Offshore Areas Won In BOEM Auction Could Bring 3.4 GW Of Wind


Offshore Areas Won In BOEM Auction Could Bring 3.4 GW Of Wind On Monday, the U.S. Department of the Interior's Bureau of Ocean Energy Management (BOEM) held the nation's fifth competitive lease sale for renewable energy in federal waters. In the end, nearly 344,000 acres offshore New Jersey were offered for potential wind energy development.

According to an analysis prepared by the U.S. Department of Energy's National Renewable Energy Laboratory, if fully developed, the area leased could support about 3.4 GW of commercial wind generation – enough electricity to power about 1.2 million homes.

The provisional winners of the lease sale were RES America Developments Inc., which bid $880,715 for lease area OCS-A 0498 (160,480 acres), and US Wind Inc., which bid $1,006,240 for OCS-A 0499 (183,353 acres).

Although Fishermen's Energy LLC also participated, the auction is unrelated to the developer's embattled Atlantic City offshore wind demonstration project.

The federal auction is part of President Obama's comprehensive Climate Action Plan to create American jobs, develop domestic clean energy resources and cut carbon pollution. However, the auction comes amid uncertainty regarding New Jersey's offshore renewable energy certificates, which have yet to be formally implemented.

Prior to today's lease sale, BOEM had awarded nine commercial offshore wind leases, including seven through the competitive lease sale process (two in an area offshore Rhode Island-Massachusetts, another two offshore Massachusetts, two offshore Maryland and one offshore Virginia). The New Jersey Wind Energy Area starts about 7 nautical miles offshore and extends roughly 21 nautical miles seaward.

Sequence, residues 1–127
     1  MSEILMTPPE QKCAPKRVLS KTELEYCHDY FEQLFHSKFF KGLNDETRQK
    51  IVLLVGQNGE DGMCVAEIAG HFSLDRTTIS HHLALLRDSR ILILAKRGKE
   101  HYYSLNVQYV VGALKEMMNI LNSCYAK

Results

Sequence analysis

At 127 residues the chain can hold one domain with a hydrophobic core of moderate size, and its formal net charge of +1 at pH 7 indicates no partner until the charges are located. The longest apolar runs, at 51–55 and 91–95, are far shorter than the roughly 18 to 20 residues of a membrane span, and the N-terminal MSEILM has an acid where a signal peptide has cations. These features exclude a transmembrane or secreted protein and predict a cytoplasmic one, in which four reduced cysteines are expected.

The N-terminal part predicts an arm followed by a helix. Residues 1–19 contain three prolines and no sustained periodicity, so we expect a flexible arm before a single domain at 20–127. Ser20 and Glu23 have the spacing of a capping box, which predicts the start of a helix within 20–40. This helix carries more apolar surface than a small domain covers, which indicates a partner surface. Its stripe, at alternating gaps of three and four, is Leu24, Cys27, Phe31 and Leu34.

Each lease will have a preliminary term of one year, during which the lessee will submit a site assessment plan to BOEM for approval. Once the plan is OK'd, the lessee will have four-and-a-half years to submit a construction and operations plan (COP) to BOEM for approval. Once BOEM receives a COP from a lessee, the bureau will conduct an environmental review of that proposed project.

The DOI notes that public input will be an important part of BOEM's review process. If the COP is approved, the lessee will have an operations term of 25 years.

"Today's auction underscores the emerging market demand for renewable energy and marks another major step in standing up a sustainable offshore wind program for Atlantic coast communities," states Sally Jewell, U.S. secretary of the interior. "Through extensive outreach and public engagement, we reduced potential use conflicts while moving the country closer to harnessing the enormous potential of wind energy along the Atlantic coast."

More information on the auction can be found here.

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